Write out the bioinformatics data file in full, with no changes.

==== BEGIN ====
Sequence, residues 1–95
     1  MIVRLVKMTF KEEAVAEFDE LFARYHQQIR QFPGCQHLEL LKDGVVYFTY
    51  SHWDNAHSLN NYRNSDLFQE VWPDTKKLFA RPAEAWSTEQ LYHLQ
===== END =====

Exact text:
Sequence, residues 1–95
     1  MIVRLVKMTF KEEAVAEFDE LFARYHQQIR QFPGCQHLEL LKDGVVYFTY
    51  SHWDNAHSLN NYRNSDLFQE VWPDTKKLFA RPAEAWSTEQ LYHLQ